The glare of car headlights could be a risk for heart conditions... As ... trends now

The glare of car headlights could be a risk for heart conditions... As ... trends now
The glare of car headlights could be a risk for heart conditions... As ... trends now

The glare of car headlights could be a risk for heart conditions... As ... trends now

Anyone who drives at night will know the terror of being suddenly blinded by powerful oncoming headlights — indeed 90 per cent of UK drivers complain that modern vehicle lights are particularly blinding.

So the news that the Government is launching a review this month into dazzlingly bright headlamps may bring welcome relief to many.

But tackling the problem of these lights could do more than improve road safety, suggest researchers: it might also reduce our risk of conditions such as cardiovascular disease and headaches, particularly in middle-aged or older drivers.

The move follows a campaign by the RAC and the anti-dazzle group, LightAware. In a recent RAC poll of 2,000 drivers, 85 per cent said headlight glare is getting worse. 

Official figures show bright headlights were a contributory factor in an average of 280 collisions on UK roads every year since 2013.

The government is tackling bright headlamps which could help reduce our risk of conditions such as cardiovascular disease and headaches, particularly in middle-aged or older drivers

The government is tackling bright headlamps which could help reduce our risk of conditions such as cardiovascular disease and headaches, particularly in middle-aged or older drivers

A couple blinded by headlight glare (Stock image) In a recent RAC poll of 2,000 drivers, 85 per cent said headlight glare is getting worse

A couple blinded by headlight glare (Stock image) In a recent RAC poll of 2,000 drivers, 85 per cent said headlight glare is getting worse

The RAC blames the introduction of more powerful, LED lights and the growing popularity of four-wheel-drive and SUV models, which sit higher on the road with lights that shine directly into drivers' eyes.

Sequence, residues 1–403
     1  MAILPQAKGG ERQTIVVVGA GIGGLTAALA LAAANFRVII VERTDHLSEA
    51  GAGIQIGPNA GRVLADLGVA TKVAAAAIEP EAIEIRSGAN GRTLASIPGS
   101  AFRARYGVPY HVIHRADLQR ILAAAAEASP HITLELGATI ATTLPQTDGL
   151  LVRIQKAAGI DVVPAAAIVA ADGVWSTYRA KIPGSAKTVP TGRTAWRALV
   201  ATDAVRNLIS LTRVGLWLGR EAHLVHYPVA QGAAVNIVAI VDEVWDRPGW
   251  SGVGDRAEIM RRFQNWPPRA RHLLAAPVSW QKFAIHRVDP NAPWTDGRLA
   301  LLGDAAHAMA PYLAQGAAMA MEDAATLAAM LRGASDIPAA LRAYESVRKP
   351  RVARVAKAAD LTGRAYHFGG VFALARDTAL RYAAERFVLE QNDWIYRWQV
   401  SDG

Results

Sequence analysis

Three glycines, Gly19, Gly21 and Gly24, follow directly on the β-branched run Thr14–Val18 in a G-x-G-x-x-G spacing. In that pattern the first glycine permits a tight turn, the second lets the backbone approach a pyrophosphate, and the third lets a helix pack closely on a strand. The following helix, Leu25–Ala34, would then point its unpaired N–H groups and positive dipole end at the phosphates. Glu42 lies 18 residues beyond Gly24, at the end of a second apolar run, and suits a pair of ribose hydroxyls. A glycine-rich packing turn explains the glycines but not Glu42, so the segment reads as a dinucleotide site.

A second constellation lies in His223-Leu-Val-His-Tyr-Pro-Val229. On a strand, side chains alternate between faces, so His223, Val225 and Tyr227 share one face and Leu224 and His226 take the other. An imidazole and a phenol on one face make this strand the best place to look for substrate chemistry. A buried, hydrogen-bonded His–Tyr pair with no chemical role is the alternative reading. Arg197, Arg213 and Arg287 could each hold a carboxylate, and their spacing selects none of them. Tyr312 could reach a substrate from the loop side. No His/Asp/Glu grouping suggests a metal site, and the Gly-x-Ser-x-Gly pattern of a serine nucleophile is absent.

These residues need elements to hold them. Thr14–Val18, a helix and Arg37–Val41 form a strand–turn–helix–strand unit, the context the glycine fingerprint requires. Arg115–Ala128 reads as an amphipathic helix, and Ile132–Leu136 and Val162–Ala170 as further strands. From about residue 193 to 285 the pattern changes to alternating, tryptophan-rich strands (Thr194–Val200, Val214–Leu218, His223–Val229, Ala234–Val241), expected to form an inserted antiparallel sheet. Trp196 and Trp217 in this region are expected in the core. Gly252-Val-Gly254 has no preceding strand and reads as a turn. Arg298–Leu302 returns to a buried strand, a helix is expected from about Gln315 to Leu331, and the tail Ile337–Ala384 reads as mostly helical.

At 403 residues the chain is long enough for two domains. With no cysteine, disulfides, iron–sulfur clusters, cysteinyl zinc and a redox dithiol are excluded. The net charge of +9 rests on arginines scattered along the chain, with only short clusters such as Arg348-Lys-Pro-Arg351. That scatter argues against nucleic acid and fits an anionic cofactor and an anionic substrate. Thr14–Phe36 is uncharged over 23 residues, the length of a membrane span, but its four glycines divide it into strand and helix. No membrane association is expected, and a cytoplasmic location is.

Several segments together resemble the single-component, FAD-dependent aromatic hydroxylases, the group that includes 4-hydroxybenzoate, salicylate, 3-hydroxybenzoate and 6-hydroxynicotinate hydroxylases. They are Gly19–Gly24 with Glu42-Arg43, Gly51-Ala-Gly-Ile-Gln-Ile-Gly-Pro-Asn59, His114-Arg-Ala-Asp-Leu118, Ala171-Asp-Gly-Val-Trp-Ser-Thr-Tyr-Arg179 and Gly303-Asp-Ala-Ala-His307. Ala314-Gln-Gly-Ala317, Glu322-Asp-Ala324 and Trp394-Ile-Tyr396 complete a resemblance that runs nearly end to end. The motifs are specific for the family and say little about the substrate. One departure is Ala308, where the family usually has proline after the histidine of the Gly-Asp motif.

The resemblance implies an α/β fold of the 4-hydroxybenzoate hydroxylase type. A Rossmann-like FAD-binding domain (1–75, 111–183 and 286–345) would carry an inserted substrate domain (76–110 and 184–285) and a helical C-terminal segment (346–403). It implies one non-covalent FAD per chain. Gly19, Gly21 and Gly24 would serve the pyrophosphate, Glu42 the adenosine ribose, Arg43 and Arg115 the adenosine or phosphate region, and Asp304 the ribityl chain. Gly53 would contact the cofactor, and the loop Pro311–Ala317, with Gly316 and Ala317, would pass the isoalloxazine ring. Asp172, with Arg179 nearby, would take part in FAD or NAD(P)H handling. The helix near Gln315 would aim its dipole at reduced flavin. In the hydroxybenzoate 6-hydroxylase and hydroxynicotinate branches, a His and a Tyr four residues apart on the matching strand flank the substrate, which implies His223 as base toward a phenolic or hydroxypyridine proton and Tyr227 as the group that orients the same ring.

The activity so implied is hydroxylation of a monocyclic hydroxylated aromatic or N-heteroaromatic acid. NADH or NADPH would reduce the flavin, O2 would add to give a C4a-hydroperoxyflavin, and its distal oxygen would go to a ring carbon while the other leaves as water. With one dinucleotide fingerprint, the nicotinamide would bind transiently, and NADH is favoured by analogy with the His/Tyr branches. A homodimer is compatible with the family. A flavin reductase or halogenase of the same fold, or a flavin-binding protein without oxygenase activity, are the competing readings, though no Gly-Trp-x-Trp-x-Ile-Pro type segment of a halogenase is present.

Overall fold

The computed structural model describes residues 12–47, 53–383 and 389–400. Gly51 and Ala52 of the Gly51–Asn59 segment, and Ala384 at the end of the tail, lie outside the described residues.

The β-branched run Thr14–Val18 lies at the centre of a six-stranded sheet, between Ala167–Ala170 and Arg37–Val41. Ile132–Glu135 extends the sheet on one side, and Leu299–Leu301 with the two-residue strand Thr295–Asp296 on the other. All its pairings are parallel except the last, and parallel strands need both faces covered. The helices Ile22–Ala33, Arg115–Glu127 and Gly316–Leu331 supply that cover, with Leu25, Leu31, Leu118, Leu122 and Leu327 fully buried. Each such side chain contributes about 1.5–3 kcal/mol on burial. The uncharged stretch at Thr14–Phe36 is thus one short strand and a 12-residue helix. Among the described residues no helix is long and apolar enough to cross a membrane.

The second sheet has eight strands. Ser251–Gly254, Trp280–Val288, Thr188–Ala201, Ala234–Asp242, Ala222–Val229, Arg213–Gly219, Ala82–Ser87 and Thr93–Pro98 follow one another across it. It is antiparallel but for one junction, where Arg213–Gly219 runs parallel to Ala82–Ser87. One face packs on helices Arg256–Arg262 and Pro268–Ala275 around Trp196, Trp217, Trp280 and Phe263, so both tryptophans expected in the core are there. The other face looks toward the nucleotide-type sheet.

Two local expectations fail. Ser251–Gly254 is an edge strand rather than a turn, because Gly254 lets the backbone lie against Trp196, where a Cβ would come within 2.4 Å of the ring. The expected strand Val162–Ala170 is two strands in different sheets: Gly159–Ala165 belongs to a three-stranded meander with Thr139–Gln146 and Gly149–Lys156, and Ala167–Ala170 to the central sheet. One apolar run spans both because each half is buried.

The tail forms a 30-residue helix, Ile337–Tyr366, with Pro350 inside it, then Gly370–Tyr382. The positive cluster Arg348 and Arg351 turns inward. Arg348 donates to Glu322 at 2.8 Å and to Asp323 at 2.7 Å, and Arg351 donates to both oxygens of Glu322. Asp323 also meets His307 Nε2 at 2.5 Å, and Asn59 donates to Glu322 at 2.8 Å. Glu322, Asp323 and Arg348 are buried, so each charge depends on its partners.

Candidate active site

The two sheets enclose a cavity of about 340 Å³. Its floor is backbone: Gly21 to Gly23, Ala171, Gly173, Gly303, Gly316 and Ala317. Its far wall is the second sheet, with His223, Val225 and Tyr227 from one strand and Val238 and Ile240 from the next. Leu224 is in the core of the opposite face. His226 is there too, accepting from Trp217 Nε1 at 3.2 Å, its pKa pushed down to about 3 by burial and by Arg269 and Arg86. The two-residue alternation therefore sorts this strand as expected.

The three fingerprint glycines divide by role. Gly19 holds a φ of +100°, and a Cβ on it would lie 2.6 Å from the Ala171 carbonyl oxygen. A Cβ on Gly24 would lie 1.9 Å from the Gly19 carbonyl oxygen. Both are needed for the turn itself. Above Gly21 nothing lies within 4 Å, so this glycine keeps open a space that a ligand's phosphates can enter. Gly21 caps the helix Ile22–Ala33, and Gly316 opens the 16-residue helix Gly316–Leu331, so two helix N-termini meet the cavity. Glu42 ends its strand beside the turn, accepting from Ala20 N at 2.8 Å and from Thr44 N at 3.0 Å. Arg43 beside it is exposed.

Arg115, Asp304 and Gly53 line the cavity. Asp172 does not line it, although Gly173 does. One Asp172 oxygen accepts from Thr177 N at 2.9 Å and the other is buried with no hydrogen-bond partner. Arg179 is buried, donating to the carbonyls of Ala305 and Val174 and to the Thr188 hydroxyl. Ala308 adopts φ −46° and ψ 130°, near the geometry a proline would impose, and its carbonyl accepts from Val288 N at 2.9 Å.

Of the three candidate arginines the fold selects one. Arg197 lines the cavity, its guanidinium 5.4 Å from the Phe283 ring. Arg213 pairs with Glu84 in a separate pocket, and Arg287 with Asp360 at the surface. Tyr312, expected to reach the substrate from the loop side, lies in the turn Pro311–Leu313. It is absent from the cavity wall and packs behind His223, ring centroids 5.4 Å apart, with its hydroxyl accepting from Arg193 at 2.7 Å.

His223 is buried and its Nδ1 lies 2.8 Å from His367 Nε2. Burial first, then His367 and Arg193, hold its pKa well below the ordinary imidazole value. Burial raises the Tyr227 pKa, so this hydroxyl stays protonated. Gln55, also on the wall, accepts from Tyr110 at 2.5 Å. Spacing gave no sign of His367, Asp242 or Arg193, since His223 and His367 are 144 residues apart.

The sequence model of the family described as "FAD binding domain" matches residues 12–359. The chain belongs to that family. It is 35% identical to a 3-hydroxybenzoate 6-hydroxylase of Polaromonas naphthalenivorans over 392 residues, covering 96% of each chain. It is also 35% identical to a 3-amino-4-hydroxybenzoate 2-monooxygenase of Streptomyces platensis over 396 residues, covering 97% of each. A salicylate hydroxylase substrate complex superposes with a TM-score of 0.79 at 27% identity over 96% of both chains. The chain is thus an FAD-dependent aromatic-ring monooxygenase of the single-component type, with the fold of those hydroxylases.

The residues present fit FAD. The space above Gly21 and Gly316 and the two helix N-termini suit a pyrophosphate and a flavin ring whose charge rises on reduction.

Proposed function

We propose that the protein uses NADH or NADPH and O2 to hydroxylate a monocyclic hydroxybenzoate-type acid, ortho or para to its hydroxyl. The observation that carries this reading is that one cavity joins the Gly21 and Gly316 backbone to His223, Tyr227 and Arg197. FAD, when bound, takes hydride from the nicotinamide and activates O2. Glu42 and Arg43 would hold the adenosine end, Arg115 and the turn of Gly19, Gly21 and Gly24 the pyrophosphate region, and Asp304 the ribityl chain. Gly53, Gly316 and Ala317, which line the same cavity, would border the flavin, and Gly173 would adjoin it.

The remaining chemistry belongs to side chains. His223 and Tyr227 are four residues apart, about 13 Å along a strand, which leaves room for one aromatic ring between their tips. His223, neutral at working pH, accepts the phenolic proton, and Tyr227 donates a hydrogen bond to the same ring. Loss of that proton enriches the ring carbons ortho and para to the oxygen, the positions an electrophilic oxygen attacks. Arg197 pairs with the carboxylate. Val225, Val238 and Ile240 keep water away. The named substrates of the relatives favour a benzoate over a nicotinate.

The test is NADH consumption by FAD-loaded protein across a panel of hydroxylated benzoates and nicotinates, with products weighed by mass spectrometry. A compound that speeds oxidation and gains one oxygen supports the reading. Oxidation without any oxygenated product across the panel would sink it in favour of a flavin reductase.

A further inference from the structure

LED lamps also trick brains into seeing them as brighter than they are, thanks to the perceptional phenomenon 'contrast brightness', according to a study in the Journal of Passenger Cars — Mechanical Systems.

W hen motorists were placed in front of equally powerful LED and traditional headlamps, the LED group complained the lights were more blinding.

The researchers said this is because our brains assess brightness according to the contrast between a light source and the level of light around it. (A house lamp hardly seems bright by day, for instance, while at night it lights up the room.)

Because LEDs are small and send out tight-edged beams compared with loosely-focused traditional halogen-bulb headlamps, they create a harsher contrast with the darkness around them, making the light seem brighter, according to the 2005 report. Moreover, modern LED headlights are around twice as bright — 6,000 lumens compared with around 3,000 for halogens, Dr John Lincoln, a retired immunologist of LightAware, told Good Health.

This LED glare can cause stress that can damage our cardiovascular system, according to research by the Karolinska Institute in Sweden.

They found that glaring headlights could trigger worrying changes even in young, healthy people. In one study, involving 19 drivers under 40 who were subjected to five sudden bursts of strong headlight glare, one volunteer showed a

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